Jacque Lacan & Luce Irigaray
By: Danielle Feige & Rachel Smith
ART 508: Readings in Art Theory
Professor Marco Deyasi
Born on April 13, 1901 in Paris, France
– 1920 begins to studied medicine.
– 1926 specializes in psychiatry and become active in the surrealist movement.
– 1928 he becomes interested in the study of paranoia.
– 1932 completes doctoral thesis entitled “Paranoid Psychosis & its Relations to the Personality”, which is
adopted by the Surrealists.
– 1934 marries Marie-Louise Blondin, and had 3 children between 1934 and 1940.
– 1936 gives a lecture at the Congress of the International Psychoanalytical Association on the Mirror Phase, but
was interrupted and not allowed to ﬁnish
– 1940-1944 serves in a military hospital in Paris during WWII and did not publish during this time.
– 1951 advocates the “return to Freud”.
– 1953 he develops the concepts of the 3 registers of human reality of the symbolic, the imaginary and the real.
Formed the Societe Fransaise de Psychoanalyse after leaving the Societe Parisienne de Psychoanalyse.
Married Sylvia Bataille and had a child.
– 1963 he was removed from the list of training analyst of the Societe Fransiase de Psychanalyse and forms
Ecole Freudienne de Paris to write “The Four Fundamental Concepts of Psychoanalysis”.
– 1967 introduces “the pass” where the listener or analyst decides if the patient passes.
1970s shifts his views from emphasizing the father to the sinthome
– 1980 he closes his school, Ecole Freudienne de Paris after 16 years.
– 1981 dies on September 9.
Like any other professional aspiring to gain notability in any
ﬁeld of study, Lacan borrowed ideas from those before
him, modifying when necessary, to further support his
• Saussure: Borrowing Saussure's study of linguistics, Lacan is able to
determine that the unconscious is structured like language.
• Levi-Strauss: Through the study of Structural Anthropology, Lacan was
able to grasp the crucial transition from nature to culture.
• Freud: Lacan based much of his work on Freudian theories, and even
called for the “return of Freud”.
Lacans Contributions to Psychoanalysis
Lacans career can be broken down into 4 stages:
• 1926-1953: Working in the area of conventional psychiatric
work, which evolved to include psychoanalytic study, primarily
that of the Mirror Phase. Lacan also presented his lecture series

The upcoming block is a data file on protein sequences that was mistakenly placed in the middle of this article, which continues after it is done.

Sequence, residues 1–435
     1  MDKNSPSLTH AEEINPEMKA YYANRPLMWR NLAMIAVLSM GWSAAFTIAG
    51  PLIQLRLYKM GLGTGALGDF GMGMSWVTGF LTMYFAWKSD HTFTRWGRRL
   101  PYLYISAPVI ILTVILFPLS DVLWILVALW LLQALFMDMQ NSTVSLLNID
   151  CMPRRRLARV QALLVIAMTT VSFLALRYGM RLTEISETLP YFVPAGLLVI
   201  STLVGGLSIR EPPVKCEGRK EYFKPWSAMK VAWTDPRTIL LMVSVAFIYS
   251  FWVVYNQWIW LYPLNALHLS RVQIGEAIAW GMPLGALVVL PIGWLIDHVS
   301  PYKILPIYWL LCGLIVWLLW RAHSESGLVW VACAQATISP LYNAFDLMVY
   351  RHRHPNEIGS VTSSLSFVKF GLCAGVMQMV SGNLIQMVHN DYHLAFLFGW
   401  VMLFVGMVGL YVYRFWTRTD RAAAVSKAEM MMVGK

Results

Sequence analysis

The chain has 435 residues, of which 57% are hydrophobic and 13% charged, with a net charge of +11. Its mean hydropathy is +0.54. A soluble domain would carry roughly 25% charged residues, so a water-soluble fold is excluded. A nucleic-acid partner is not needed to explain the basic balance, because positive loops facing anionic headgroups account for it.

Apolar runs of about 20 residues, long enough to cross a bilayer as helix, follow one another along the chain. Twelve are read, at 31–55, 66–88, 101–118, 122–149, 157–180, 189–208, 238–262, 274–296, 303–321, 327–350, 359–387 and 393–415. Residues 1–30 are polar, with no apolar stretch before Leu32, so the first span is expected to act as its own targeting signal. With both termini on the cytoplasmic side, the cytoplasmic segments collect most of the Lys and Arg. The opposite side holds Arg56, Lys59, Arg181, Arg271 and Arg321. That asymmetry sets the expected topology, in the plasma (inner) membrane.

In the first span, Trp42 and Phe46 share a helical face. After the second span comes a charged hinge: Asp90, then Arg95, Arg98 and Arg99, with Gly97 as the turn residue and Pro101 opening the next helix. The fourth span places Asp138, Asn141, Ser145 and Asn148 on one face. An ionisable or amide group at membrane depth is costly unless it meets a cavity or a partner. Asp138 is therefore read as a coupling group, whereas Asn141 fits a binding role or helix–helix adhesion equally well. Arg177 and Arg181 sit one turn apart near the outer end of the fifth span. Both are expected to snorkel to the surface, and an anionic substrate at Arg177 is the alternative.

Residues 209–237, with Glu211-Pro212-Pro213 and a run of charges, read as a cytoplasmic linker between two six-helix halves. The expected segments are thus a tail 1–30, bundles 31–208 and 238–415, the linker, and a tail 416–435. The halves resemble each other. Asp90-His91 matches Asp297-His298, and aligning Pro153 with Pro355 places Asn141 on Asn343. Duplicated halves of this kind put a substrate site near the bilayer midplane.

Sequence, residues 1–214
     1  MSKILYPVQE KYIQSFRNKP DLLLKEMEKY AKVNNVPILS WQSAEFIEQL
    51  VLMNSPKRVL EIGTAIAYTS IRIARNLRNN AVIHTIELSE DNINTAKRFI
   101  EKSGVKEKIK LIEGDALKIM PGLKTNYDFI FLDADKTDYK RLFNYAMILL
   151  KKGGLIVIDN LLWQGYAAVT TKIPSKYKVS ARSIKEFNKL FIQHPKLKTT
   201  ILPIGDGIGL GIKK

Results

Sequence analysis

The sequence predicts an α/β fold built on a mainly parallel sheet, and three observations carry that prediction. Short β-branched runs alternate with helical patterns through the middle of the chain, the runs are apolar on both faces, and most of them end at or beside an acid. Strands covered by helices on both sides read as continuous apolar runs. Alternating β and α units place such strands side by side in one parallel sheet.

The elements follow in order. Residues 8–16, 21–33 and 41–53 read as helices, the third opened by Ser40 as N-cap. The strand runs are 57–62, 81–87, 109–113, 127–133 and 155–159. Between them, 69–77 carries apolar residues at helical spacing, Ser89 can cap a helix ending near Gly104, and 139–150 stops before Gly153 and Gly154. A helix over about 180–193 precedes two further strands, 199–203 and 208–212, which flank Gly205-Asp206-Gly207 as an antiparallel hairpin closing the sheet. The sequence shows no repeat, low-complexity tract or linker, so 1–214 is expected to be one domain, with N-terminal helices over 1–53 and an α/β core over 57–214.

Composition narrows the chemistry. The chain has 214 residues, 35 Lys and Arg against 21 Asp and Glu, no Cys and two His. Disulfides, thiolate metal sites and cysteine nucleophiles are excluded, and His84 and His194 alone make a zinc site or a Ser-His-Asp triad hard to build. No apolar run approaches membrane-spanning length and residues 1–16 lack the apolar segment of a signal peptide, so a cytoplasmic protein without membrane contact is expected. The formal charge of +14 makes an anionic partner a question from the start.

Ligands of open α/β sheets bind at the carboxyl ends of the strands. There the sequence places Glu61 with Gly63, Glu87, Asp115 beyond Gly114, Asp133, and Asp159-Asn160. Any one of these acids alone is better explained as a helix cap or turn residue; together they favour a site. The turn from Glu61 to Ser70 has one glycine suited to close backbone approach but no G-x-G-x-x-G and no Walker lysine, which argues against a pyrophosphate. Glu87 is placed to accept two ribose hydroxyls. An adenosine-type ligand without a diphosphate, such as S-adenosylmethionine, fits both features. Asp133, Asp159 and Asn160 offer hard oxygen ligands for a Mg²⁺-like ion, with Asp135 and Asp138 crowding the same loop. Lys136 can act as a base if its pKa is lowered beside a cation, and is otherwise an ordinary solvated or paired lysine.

known as the Discourse of Rome, which later evolved into
• 1953-1963: Structural linguistics became more important to
Lacan during this time in his life. He used linguistics to further
elaborate and explain some Freudian studies.
• 1964-1973: Departing somewhat from his Freudian frame of
study, this period marked the time when his research became
known simply as Lacanian. It is during this time he placed the
seat of neurosis within the Ego.
• 1974-1981: Lacan introduces The Three Registers of Human
The Three Orders of Human Reality
• The Real exists before language, mental
models, and cultural codes.
• The Imaginary is associated with the Mirror
Stage, thus it is pre-symbolic and pre-
• The Symbolic is an essential feature of the
human transition from nature to culture.
The Mirror Phase
• One of Lacan’s ﬁrst major contributions to Psychoanalysis.
• The Mirror Phase usually occurs in children between
6 and 18 months.
• Recognition of self is the ﬁrst step in becoming aware
of the ability to control one’s body, of awakening the
Ego, and the beginning of the transition from the pre-
linguistic to the linguistic stage of life.
Oedipus Complex & Oedipal Triangle
• Oedipus Complex
• Oedipal Triangle: the mother, the child, and the
• The Name-of-the-Father is bound up with the
Symbolic and describes the castration of the father.
• The Phallus is the object of desire.
• The Other being described as an object or
being other than the individual with the desire.
• Objet (petit) a’ is the unattainable object of
desire or other.
• Jouissance is an extreme paradoxical pleasure
that may be too intense or have deadly
Mary Kelly, Post-Partum Document, Introduction, 1973
Born in 1932 in Belgium.
– 1954 Degree in Philosophy and Arts
– 1955 Writes doctoral thesis in Philosophy and Arts
– 1956 Concours D’ Aptitude in Higher Education
– 1961 Degree in Psychology
– 1962 Diploma in Psychopathology
– 1968 Doctorate in Linguistics
– 1971 Doctorate in Philosophy and Art
– Psychoanalytical Training
– 1974 expelled from Ecole Freudienne de Paris
• Feminism is rooted in gender inequality
• 3 Waves of Feminism
• Types of Feminism
• Seek to ﬁnd a solution through Lacan’s ‘return to Freud’.
• This group focuses on gender inequality as it is based in
certain childhood occurrences allowing men to be masculine
and women to be feminine.
• Philosophers associated with this form of feminism include
Julia Kristeva, Hélène Cixous and Luce Irigaray.
• The Gaze occurs when a person becomes the
object of another beings ‘look’ or ‘gaze’.
• The Male Gaze is a term coined by Laura
Mulvey where classical Hollywood cinema
allows the viewer to hold a masculine stance
with the female as the object of desire.
• Developed by Hélène Cixous.
• Literally means, ‘feminine writing’.
• This form of writing takes on female perspective
and experiences to move away from the typical